The Bruins Have An Uneventful 2013 Entry Draft


Jun 11, 2013; Chicago, IL, USA; Boston Bruins head coach Peter Chiarelli is interviewed during media day in preparation for game one of the 2013 Stanley Cup Final against the Chicago Blackhawks at the United Center. Mandatory Credit: Jerry Lai-USA TODAY Sports

Well, I wouldn’t call it a dud as I feel the Boston Bruins drafted some good, young players in the 2013 NHL Entry draft and added to their pool of prospects and potential trade chips. However, with all the talk about trades and player movement headed into the draft I was expecting a little bit more.

Alas the Bruins made no trades and just went about their business with the draft picks they already had in their possession. They had no first round pick this year after the conditional pick was involved in the Jaromir Jagr trade and wouldn’t make their first selection until the second round was almost over. It was the Bruins latest pick in a draft for Boston since 2004 when they took David Krejci 63rd overall and we all know how that worked out.

The Bruins stayed safe with their first selection and took what they presumed to be the best available player on the board, Swedish defenseman Linus Arnesson. “Versatile defenseman, good skater, not necessarily a banger but a solid, two-way defenseman,” Bruins General Manager Peter Chiarelli said of the 6’2″, 185-pound Swede.

Arnesson is currently playing with Djurgårdens IF Hockey in the Elitserien, so he’s already playing pro hockey overseas and is competing against men as an 18-year old kid. His profile on Elite Prospects reads, “A rather defensive minded defenseman with good mobility and size. Arnesson is not flashy at all, but always gets the job done. Has good positioning, makes easy and smart plays and rarely puts himself or his teammates in complicated situations. Has some offensive upside, and will join the rush at times, but it is his overall sound defensive game that makes him a stand out prospect”. Sounds like a Bruin already.

With the Bruins next selection coming late in the 3rd round, they selected Slovakian forward Peter Cehlarik at 90th overall. Cehlarik is only 17-years old which puts him on the younger side of this draft, so the fact he was ranked as a top-50 prospect by Corey Pronman of Hockey Prospectus is kind of a big deal.

Cehlarik is 6’2″, 198 pounds and could potentially get bigger than that considering his age. Scouts were obviously enamored with his size but they also feel that he has above average hands, puck skills and vision. He’s also touted as an intelligent player who more often than not makes the right decision with or without the puck on his stick. The knocks on Cehlarik is the lack of physicality in his game and his skating abilities, all things that can be honed over the next couple of years as he develops.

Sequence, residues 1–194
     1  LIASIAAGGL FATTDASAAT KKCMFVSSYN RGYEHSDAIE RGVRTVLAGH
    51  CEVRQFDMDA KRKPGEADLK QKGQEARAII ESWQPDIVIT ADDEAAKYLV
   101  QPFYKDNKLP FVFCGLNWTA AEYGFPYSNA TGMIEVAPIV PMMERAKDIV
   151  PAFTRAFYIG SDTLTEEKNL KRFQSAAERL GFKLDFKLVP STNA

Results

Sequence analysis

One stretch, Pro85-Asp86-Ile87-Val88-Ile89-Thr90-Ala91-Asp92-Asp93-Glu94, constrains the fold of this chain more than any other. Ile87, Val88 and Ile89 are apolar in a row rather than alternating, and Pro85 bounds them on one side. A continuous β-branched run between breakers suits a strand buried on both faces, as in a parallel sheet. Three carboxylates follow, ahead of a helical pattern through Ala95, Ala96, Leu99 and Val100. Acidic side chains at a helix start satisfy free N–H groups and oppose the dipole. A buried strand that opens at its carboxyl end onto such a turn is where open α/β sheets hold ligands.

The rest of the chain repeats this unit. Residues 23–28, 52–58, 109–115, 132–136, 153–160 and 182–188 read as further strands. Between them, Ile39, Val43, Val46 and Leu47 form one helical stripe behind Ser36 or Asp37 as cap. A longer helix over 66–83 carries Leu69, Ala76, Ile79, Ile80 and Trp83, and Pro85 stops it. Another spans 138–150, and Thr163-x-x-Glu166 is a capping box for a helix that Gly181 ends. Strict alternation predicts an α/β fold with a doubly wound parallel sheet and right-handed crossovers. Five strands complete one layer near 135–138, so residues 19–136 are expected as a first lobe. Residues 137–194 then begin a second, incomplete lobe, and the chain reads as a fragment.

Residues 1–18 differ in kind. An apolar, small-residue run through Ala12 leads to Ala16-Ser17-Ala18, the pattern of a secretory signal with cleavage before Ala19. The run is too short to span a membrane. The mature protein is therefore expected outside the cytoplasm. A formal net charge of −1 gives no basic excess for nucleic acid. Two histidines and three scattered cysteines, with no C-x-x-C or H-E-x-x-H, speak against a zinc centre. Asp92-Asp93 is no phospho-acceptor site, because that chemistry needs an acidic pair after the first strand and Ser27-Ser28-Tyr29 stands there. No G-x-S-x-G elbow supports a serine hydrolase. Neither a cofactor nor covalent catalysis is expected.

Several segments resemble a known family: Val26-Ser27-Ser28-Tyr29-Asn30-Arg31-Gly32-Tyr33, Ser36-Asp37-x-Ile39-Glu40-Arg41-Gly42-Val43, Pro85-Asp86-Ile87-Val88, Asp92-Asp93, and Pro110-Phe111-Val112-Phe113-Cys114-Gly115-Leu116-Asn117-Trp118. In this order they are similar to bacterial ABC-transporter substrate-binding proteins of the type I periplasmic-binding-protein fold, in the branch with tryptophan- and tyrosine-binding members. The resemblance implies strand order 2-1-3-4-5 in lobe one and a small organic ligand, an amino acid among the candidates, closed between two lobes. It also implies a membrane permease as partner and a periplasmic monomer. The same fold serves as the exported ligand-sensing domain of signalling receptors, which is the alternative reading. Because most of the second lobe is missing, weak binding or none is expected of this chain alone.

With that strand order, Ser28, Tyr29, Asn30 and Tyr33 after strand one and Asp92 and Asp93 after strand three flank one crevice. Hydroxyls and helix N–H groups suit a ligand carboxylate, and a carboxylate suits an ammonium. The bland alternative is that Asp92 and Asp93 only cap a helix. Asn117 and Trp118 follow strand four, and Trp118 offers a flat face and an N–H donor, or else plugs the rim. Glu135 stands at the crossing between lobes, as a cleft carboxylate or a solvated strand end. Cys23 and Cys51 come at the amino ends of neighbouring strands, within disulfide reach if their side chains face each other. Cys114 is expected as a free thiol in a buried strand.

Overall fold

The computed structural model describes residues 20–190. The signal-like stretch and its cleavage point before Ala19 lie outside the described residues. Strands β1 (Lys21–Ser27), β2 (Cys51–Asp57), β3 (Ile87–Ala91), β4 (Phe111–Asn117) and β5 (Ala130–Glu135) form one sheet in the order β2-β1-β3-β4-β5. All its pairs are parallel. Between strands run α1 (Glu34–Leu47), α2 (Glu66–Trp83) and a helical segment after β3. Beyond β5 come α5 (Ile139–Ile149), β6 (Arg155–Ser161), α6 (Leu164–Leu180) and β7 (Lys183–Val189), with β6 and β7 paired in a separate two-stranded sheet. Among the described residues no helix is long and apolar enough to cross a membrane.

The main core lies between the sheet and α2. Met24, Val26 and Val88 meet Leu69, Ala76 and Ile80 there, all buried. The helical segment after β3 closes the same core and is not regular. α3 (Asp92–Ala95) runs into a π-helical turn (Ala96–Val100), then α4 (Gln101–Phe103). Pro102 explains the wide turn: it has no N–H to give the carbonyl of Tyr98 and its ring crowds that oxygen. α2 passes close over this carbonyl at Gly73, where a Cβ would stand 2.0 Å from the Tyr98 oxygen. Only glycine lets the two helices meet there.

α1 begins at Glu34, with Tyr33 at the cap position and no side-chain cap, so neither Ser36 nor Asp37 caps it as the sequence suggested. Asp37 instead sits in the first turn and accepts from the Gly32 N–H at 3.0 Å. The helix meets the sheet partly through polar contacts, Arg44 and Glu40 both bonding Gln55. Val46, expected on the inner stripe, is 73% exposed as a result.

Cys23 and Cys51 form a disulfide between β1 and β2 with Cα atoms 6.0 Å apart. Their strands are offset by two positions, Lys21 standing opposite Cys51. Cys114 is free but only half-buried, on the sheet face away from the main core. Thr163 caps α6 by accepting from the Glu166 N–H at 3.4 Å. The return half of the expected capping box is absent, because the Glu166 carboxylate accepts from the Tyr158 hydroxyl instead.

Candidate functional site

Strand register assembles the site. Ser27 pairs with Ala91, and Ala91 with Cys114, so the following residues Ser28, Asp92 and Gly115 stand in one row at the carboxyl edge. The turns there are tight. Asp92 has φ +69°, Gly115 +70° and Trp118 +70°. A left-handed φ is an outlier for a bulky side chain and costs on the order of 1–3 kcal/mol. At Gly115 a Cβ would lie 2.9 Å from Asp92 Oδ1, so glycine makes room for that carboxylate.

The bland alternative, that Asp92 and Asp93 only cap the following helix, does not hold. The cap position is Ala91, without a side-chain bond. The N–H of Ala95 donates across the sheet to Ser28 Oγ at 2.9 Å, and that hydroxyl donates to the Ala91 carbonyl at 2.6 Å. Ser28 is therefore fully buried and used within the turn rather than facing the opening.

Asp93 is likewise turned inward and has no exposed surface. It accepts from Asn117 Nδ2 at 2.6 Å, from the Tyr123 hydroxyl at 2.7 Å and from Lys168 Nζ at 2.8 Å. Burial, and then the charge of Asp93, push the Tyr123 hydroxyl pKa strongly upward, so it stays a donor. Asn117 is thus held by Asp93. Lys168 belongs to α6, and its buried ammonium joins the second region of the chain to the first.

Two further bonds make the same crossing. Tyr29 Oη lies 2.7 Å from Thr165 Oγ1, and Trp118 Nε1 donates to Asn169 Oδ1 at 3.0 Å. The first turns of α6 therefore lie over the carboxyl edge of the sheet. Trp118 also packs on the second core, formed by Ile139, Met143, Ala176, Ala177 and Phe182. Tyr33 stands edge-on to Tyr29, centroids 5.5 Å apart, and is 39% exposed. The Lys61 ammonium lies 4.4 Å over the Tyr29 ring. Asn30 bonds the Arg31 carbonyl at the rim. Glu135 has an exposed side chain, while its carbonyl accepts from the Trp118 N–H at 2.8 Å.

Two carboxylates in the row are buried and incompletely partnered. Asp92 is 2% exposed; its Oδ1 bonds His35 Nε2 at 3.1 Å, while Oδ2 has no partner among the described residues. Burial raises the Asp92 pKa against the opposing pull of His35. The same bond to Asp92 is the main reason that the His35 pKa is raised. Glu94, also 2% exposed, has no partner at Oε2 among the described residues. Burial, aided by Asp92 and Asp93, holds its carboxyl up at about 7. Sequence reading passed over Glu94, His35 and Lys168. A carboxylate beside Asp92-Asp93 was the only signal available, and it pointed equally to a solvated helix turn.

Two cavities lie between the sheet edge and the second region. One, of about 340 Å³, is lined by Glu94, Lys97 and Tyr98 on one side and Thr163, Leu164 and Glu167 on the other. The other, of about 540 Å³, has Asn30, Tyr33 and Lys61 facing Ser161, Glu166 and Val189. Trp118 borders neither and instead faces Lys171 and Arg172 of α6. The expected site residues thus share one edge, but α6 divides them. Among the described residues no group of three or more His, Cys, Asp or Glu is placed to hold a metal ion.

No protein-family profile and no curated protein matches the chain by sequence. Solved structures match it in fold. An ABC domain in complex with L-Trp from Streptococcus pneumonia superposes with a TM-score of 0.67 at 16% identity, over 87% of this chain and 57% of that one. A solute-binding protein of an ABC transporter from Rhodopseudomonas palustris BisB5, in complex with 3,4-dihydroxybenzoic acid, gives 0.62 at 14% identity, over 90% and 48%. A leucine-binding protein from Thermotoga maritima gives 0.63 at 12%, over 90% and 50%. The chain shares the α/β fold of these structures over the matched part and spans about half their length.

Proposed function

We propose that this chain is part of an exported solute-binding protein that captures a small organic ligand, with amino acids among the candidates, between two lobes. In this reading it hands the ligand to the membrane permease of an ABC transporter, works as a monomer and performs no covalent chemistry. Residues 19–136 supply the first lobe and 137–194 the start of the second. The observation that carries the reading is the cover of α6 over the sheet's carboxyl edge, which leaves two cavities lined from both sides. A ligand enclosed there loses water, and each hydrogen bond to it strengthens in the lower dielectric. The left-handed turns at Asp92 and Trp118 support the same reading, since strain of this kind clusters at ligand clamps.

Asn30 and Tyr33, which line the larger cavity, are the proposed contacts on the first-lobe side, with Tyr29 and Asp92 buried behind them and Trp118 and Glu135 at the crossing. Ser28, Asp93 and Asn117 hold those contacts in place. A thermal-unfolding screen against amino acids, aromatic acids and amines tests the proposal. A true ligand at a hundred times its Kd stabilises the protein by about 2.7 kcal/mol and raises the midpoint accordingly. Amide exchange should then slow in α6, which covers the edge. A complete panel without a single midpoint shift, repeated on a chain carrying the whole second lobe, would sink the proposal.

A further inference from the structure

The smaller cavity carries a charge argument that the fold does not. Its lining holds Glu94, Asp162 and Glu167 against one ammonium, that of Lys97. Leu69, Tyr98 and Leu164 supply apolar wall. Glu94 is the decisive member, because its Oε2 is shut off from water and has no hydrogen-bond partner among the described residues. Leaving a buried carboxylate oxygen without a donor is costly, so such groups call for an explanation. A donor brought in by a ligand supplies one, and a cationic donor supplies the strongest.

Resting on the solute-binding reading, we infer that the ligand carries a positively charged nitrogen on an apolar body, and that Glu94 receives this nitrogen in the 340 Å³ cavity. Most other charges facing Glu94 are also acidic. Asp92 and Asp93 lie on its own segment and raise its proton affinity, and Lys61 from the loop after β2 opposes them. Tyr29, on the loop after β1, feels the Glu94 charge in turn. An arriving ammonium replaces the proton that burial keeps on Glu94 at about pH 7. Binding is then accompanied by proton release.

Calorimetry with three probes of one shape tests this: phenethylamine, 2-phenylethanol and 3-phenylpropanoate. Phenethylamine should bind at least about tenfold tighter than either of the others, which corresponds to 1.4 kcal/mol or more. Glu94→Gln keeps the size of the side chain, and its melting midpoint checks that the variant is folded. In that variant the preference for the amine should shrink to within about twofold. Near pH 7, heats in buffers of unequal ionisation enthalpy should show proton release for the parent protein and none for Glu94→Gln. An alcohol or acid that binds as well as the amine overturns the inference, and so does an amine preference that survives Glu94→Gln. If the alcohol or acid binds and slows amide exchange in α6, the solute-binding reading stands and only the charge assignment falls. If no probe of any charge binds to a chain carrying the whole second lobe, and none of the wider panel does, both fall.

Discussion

In the fourth round, the Bruins took a player a little closer to home when they selected North Reading native Ryan Fitzgerald 120th overall. Fitzgerald is the son of former Bruin and current Pittsburgh Penguins assistant GM, Tom Fitzgerald and he’s the nephew of current Bruins assistant director of amateur scouting, Scott Fitzgerald. NHL legend, Keith Tkachuk is also a relative/cousin, quite the pedigree for this kid.

Fitzgerald starred at Malden Catholic and the past two years won back-to-back Super 8 championships, he also played for the Valley Junior Warriors of the EJHL last year and he will attend Boston College in the Fall. Fitzgerald is a bit undersized at 5’9″, but he doesn’t let that hold him back and has plenty of talent. I personally cannot wait to follow his development at BC and will be pulling for this kid every step of the way.

Going into the fifth round the Bruins decided to add some beef to their defensive pool by selecting 6’9″, 190 pound Wiley Sherman out of Greenwich, Connecticut. Sherman played at Hotchkiss last year and will attend Harvard in the Fall so we know he’s smart, now we just need to find out if he can play hockey. Sounds like he has the physical tools and smarts, just needs to put it all together.

in the sixth and seventh rounds the Bruins decided to add two wingers, Anton Blidh of Sweden and Canadian Mitchell Dempsey.

Blidh can play either wing and has some speed. He’s a hard working player who isn’t that flashy but can get the job done with his speed and determination, he’s also described as a great teammate and an even better penalty killer. I get the feeling this kid could be PJ Axelsson 2.0, but they may just be me.

Dempsey is more of a banger/ grinder and at 6’3″, 210 pounds you can understand why. He’s a project player with upside and when you get this late in the draft you’re just trying to find a diamond in the rough. In 70 games played in the OHL Dempsey has 2 goals and 8 assists, so I find it hard to believe he’ll be lighting the NHL on fire anytime soon.

Overall I like what the Bruins did at the draft, they added some good prospects on both sides of the puck and each player does something a little differently than the other. They got some size, some skill, some speed and from the sounds of it a whole lot of hockey IQ. Here’s hoping a couple, if not all of these guys stick.